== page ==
Use a wire brush and a wide-blade putty knife to remove small areas of defective paint. Scrub under the laps of clapboard siding as well as on downspouts and gutters. For speedier work on metal, a wire brush attachment on an electric drill will remove rust and paint with less effort.
For more extensive paint removal, invest in a sharp pull scraper -- a tool with a replaceable blade that's capable of stripping old paint all the way down to bare wood with a single scrape.
Hold the scraper so the blade is perpendicular to the wood, apply moderate to firm pressure, and drag it along the surface. Keep the blade flat against the wood so it doesn't gouge the surface. For smoothing the edges of scraped spots here and there, you can wrap a piece of sandpaper around a wood block. For larger areas, it's less tiring and more effective to use an electric orbital sander.
Move it up and down or back and forth across the surface to remove old paint and smooth rough edges at the same time. Don't use an electric disc sander or a belt sander. Both can leave swirls or dips in the wood that will show through a new coat of paint.
For particularly heavy deposits of paint, heat may be more effective than muscle. One way to apply heat is with an electric paint remover, which is a device with a platelike heating element that "cooks" the paint and has a built-in scraper to pull it off. Wearing heavy gloves, hold the heating element against the surface until the paint sizzles.
Pull the remover firmly over the surface. The attached scraper will pull off the cooked paint as you go. Use liquid paint removers only as a last resort. They work well, but they're expensive, especially on big jobs. Also, they can slop onto perfectly good paint, giving you one more problem to deal with. Once you have removed all the loose paint, you should apply an appropriate primer to some of the distressed areas, especially if your paint-removal system has exposed raw wood or bare metal.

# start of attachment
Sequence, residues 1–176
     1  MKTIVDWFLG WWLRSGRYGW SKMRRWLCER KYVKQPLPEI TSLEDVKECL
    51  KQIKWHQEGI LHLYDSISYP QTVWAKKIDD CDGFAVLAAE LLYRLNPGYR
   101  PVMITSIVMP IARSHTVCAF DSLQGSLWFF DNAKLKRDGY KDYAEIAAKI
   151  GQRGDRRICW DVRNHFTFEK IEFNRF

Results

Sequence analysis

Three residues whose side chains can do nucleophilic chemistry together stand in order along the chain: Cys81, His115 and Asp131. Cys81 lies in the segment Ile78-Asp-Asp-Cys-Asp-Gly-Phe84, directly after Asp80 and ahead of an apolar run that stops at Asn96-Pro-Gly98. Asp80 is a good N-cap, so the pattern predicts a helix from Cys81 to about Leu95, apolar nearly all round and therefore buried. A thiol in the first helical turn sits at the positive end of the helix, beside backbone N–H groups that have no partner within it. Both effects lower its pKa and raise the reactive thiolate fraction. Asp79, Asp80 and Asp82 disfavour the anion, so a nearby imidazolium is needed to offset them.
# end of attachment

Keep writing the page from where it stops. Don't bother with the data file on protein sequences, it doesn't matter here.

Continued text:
The kind of primer you use depends on the kind of paint you'll be using later. For latex paint, use latex primers; for solvent-thinned paints, use solvent-base primers; and for metals, use metal primers.
Not only do these coatings provide extra protection against the elements, they also form a firm foundation for finishing paints. Also, priming is always required when you're working on new wood. Can I use interior paint for exterior surfaces? How often should I repaint the exterior of my home? Scrub under the laps of clapboard siding and on downspouts and gutters.
Move an electric orbital sander up and down or back and forth to remove old paint and feather rough edges. Another way to remove old paint is with an electric paint remover -- a device with a platelike heating element that softens the paint and has a built-in scraper. House Painting : Ready to tackle a house painting project? Gather helpful tips on both interior and exterior painting in this home improvement article. House Painting Tools : Before taking on any painting project, make sure you have the tools you'll need to do the job well.
This article will help. Painting Exteriors : Learn the basics of painting siding, trim, and all things on the outside of the house in this article.
Selecting Exterior Paint : Gain tips to help you choose the best exterior paint for the job in this article. Related " ".